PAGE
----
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Wednesday, May 28, 2008

A radical remedy to the information management problem by Andrew McAfee

10:23:00 AM Posted by Oscar Berg , , No comments

From the post "What I Said About the Revolution" by Andrew McAfee:

Impediment or design flaw: People and Information are Deeply Mismatched in Most Organizations.

...while most organizations are drowning in many kinds of data they are simultaneously starved for vitally important information—information that comes over time from ‘wetware,’ or the minds of involved people. Lack of access to this information leads to sluggishness, redundancy, inferior decisions, and missed opportunities.

Radical Remedy: Create an Emergent, Social Enterprise Information Environment

An organization should deploy a universal digital environment that lets members contribute and modify content in a ‘freeform’ manner—with a minimum of imposed structure in the form of workflows, decision right allocations, interdependencies, and data formats specified ex ante. This environment should contain mechanisms to let structure emerge over time; such mechanisms include linking, tagging, voting, rating, and trading, as well as algorithms that generate recommendations, assess relative popularity, etc.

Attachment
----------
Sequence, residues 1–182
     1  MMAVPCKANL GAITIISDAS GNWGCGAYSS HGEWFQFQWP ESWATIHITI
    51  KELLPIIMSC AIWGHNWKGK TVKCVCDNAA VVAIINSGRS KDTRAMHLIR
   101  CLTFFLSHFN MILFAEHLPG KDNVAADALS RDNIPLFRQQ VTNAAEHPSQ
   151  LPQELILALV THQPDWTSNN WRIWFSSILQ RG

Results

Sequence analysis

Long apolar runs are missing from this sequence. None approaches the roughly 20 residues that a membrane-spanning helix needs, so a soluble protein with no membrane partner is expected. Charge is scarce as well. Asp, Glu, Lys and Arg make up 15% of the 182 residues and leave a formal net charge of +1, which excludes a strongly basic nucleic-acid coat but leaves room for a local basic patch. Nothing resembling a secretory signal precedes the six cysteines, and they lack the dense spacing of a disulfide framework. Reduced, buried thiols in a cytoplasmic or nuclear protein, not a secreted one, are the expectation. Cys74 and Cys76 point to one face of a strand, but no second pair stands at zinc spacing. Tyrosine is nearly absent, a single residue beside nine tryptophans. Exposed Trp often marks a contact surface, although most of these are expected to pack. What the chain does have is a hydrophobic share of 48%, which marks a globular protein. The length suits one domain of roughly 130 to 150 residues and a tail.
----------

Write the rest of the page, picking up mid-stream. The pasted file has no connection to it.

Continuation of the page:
How about that?

I think it has all to do with empowering people and provide them with the means to allow ideas and information to flow easily. If people will just think "share" instead of "store" when they produce content, then a lot can be achieved. We are still stuck in the old mindset that we produce content to store it somewhere or in a certain format. The tools and technologies we use should instead make us aware about the user in the other end so that we actually produce content to be easy to find, access, use and share. For us IT professionals, why not just avoid drawing databases whenever we visualize an IT solution for customers? Business users should need to care about how or where the content is stored. And as more and more get used to storing their content in "the cloud", they will naturally care less about it. We should focus more on the interfaces and what they expect to be able to achieve with the solutions.

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